written by: Stanley Wilkin
The sun was maliciously hot that day in June.
The heat swelled his dusty wounds
Still raw from crawling-
He circumvented the Taliban
Dragging his rifle through the grass:
Who’s the soldier now my son,
Who is carrying a gun?
Don’t be afraid, the war has just begun.
Go out there and have fun!
From where the river ran
Closer to the camp the insurgents crawled
Lugging their layered forms over rock in the gristle-dry
Pissed on by goats.
The sun’s grinding rays
Scrapped his eyes like brillo-pads
Pulling his hat down, he settled behind the tumbledown scree.
He adjusted the sights.
Across his outstretched legs lizards scurried.
The mortars fell like hiccups exploding from the gut.
The mortars tore up bodies throwing them before the wind.
The mortars cried burrowing through the air.
Who’s the soldier now my son,
Who has a gun?
Kill beneath the leering sun-
Get out there and have some fun.
Darkness before midday-
Of mind and intent.
The mountains hold their own soulless
Secrets that only religion can shape-
The soldier who murders for religion
Is crueler than the soldier who murders for money.
He knew who to kill.
Not why. He knew how to kill
Not the reasons for refusing!
He slowly, quietly, pulled the trigger,
The bullet burst out whining across the crumbling landscape, its course pre-ordained, its end
As complete as death. Death was its end
In a soft cry of expiration.
No heaven met, no god examined, no concluding prayer, no final evaluation, no joy, no experience!
A dead man in the dust!
A dead man-dust to dust!
By dinner Dave had reached the camp again
Without much trouble.
He’d been spotted once by a woman washing clothes in a mountain stream, her eyes fixed upon him
For a moment, full of contempt.
A gun, my son, a gun
Have some fun,
With the gun, my son, the gun.
Pop, pop. Yet another gone!
“Got him with one shot. Well done,
Old son. Got him with a single shot.”
The colonel was full of praise. Downing a vodka, he
Picked at the pineapple cube on his dish,
And crushed it between his busy fingers.
An intelligent man, but a soldier too,
A poet at times whose words clawed at his memories, paying pale homage.
“You are a marvel, young man.
Four this week. Well done.”
The overhead fan twirled noisily,
Clashing with his redundant pride,
Giving meaning to a pointless war
In a torrid land full of becalmed ideas and underlying prayer.
“I’ll write a commendation for you,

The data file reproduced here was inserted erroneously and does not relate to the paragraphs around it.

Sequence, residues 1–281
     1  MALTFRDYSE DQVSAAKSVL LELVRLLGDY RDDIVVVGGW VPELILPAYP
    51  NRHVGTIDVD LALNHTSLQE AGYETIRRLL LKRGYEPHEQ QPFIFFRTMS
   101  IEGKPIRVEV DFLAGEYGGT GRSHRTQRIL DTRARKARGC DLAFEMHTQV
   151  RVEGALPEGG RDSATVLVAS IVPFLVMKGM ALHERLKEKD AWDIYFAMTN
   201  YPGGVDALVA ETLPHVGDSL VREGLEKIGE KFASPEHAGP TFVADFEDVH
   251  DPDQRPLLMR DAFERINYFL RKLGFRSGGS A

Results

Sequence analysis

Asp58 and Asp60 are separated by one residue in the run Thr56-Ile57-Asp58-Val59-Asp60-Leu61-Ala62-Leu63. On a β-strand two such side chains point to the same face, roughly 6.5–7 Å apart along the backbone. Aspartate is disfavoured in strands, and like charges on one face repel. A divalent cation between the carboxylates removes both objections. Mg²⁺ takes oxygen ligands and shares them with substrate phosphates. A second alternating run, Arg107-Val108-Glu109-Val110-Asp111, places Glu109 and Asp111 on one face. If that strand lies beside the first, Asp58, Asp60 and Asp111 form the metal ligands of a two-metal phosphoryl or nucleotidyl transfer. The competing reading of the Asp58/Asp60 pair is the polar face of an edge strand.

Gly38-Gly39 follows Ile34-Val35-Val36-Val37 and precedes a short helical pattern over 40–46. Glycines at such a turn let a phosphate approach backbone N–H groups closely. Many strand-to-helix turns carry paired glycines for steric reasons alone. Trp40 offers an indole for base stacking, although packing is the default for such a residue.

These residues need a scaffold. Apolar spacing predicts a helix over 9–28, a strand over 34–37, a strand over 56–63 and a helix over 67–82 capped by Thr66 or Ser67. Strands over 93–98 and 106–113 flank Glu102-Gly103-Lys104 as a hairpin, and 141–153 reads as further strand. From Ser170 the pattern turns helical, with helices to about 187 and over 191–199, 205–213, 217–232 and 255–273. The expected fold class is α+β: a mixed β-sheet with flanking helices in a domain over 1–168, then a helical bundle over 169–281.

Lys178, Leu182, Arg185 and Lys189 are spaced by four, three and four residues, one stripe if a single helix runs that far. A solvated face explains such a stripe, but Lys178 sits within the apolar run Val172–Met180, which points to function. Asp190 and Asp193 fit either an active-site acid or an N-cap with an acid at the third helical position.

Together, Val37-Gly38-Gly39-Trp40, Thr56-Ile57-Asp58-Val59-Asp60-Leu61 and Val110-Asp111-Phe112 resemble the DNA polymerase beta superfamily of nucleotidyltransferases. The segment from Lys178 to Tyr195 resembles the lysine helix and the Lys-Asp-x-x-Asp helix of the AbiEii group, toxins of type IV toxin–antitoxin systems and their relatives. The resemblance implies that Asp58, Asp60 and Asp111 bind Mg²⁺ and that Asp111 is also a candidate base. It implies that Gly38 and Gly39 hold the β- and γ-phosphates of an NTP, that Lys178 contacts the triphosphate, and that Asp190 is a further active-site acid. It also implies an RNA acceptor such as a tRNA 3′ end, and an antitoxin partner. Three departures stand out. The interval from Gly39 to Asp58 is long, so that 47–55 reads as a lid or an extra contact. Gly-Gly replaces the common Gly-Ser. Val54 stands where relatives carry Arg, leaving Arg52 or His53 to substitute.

Young man. You deserve it.”
The colonel continued, basking on olives.
“Your skill with the gun
Is astonishing. You deal death like
Other’s write poems. You destroy
With a well-balanced phrase. There is beauty
In your honed and natural talent.”
Others slapped his back as he passed
Beaming with approval, lavish with praise,
Expressive with congratulation. At that point,
In that shell-tight room, he felt himself a hero
An Achilles, an Odysseus, a haunted Vietnam veteran.
When the wind broke, rivers sidled up the canyon walls
Immersed in the valley. The sun glowered
Scattered around the shattered jeeps
Expelled their contents-
Broken and dismembered.
Triggered mines exploded one by one
In hellish sequence,
Flames of cooked air
Tearing wantonly into flesh.
His rifle lay embedded in his hand.
Time, my son, time for fun
So pick up your gun
Pick up your gun and run
Time for fun!
The colonel wrote sadly
Of an incident sparing all ugly details,
Of those who died that day
In a minute of bloody confusion.
He spared the ugly details
Vividly describing heroic deaths in the wadi
Of men he’d known well.
The Officer’s Mess was silent-
No jokes were cracked, no backs,
Slapped, no congratulations expressed.
In contemplation the soldiers read, studied form, thought about their families,
Trying, even in solitude, not to die.
Outside the camp walls, demolished by the heat,
Caricatured by flies,
The child’s motionless body lay
The child dispatched by a sniper’s clean bullet, slumbering
In the dirt.
Leave the gun, my son, leave the gun,
You’ve had your fun!
Leave the gun, my son, leave the gun
Your short life’s work is done!
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